• Item
    Effects of Mediated Learning Experience, Tutor Support and Peer Collaborative Learning on Academic Achievement and IntellectualFunctioning among College Students
    (Journal of Psychology in Africa, 2009) Seabi, J; Cockcroft, K; Fridjhon, P
    The main objective of this study was to investigate the effects of mediated learning experience, tutor support and peer collaborative learning on academic achievement and intellectual functioning. The sample comprised 111 first year engineering students (males=38, females=73, age range =16-23), who were randomly assigned to three learning conditions (Mediation: n=45, Tutor: n=36 and Peer: n=30). Data on academic achievement were based on mid-year and end-year examination results, while intellectual functioning was measured by the Ravens Advanced Progressive Matrices and the Organiser. Paired t-tests and Analysis of Covariances (ANCOVAs) were conducted to compare pre- and post- test academic and intellectual scores and comparison between the groups. Following a five-week intervention period, significant improvements in academic and intellectual functioning were found within the Mediation Group. The findings revealed that intervention involving mediation processes was more effective not only in enhancing students’ intellectual functioning but also improving their academic achievements.
  • Item
    Speech Intelligibility and Marital Communication in Amyotrophic Lateral Sclerosis
    (Sage, 2010-06-25) Joubert, K; Bornman, J; Alant, E
    Amyotrophic lateral sclerosis (ALS), a rapidly progressive neuromuscular disease, has a devastating impact not only on individuals diagnosed with ALS but also their spouses. Speech intelligibility, often compromised as a result of dysarthria, affects the couple’s ability to maintain effective, intimate communication. The purpose of this exploratory study was to determine the association between the deteriorating speech of persons with ALS (PALS) and couples’ perceptions of marital communication. There were two participant groups: (a) persons with ALS (PALS) and (b) their spouses. Data were collected over a 12-month period through the administration of objective and subjective measures. A review of the findings suggested a positive relation between declining speech intelligibility and a couple’s perception of marital communication. A holistic approach to communication intervention should be adopted for PALS, as communication as a means of facilitating and maintaining intimacy in the marital relationship is particularly pertinent to this population.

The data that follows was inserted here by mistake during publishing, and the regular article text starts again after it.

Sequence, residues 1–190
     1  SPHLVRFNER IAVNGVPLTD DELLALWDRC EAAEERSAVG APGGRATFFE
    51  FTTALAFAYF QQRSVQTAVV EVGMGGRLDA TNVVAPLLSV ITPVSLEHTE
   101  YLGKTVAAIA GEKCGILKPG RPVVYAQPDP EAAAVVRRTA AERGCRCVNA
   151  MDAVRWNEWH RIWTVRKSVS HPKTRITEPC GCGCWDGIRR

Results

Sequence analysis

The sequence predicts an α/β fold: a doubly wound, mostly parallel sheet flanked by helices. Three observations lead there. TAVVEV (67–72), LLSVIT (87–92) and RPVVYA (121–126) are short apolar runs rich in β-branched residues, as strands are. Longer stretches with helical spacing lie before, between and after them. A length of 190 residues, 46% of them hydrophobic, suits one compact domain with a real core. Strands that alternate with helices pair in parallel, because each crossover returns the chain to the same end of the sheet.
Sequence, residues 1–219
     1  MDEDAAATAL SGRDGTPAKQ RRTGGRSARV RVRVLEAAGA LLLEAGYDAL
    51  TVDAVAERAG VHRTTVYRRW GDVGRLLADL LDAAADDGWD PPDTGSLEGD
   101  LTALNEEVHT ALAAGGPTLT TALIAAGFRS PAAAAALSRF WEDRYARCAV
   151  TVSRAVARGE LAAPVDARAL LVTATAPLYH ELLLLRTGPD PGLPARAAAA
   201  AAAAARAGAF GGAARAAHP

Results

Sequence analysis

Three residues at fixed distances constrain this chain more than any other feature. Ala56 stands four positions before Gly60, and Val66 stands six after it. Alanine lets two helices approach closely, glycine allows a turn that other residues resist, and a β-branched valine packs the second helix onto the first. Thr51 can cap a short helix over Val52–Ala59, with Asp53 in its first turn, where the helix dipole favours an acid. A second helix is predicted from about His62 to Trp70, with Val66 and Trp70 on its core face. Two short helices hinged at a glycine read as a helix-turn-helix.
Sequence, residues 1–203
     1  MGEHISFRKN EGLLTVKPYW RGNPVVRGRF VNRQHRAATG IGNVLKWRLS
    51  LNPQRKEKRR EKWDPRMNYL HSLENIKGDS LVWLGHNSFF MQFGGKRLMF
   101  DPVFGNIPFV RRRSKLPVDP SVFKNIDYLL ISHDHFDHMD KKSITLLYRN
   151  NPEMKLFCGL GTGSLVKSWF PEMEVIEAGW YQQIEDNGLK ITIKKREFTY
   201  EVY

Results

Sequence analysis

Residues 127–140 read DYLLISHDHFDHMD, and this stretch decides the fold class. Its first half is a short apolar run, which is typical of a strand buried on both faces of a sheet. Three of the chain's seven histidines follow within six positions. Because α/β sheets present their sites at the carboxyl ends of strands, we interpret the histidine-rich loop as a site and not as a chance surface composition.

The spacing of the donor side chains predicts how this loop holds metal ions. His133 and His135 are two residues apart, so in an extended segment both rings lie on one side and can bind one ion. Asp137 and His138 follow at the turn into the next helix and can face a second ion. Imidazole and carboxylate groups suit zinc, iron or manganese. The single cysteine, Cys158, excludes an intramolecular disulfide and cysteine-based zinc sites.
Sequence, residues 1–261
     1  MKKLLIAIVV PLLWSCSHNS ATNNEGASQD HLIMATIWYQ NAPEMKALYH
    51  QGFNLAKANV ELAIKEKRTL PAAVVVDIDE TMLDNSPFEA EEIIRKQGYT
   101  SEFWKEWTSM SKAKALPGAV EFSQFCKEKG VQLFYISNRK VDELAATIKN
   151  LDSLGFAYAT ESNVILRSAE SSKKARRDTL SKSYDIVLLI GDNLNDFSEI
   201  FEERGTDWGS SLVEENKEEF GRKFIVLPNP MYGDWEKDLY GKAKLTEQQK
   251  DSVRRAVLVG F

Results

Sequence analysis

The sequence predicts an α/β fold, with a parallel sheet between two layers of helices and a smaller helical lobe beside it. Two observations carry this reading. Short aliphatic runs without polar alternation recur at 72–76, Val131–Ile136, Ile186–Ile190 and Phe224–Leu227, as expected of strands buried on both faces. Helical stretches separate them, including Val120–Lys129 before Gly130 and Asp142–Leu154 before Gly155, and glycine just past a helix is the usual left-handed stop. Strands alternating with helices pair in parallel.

• Item
    The influence of epidural anesthesia on new-born hearing screening
    (2010-06-25) Khoza-Shangase, K; Joubert, K
    OBJECTIVE: The main aim was to establish if epidural anesthesia had an influence on new-born hearing screening results in newborns born via elective Cesarean section in healthy pregnancies. Specific objectives included determining screening results in a group of newborns born to mothers who had undergone epidural anesthesia during Cesarean section childbirth (experimental group); and comparing the findings with those of a group of newborns born to mothers who had undergone natural delivery without epidural anesthesia (comparison group); while establishing if the time of screening following delivery had any effect on the overall screening results
  • Item
    Online flow experiences, problematic Internet use and Internet procrastination
    (2011-05-06) Thatcher, Andrew; Wretschko, Gisela; Fridjhon, Peter
  • Item
    Critical reflections on collecting class attendance registers in large Psychology classes
    (2011-05-06) Thatcher, Andrew; Rosentein, David; Grootenhuis, Geertje; Haiden, Gillian
  • Item
    A case for using a social cognitive model to explain intention to pirate software
    (2011-05-06) Garbharran, Ameetha, Thatcher, Andrew
  • Item
    What's in a name
    (Blackwell, 2010-09-15) Milani, Tommaso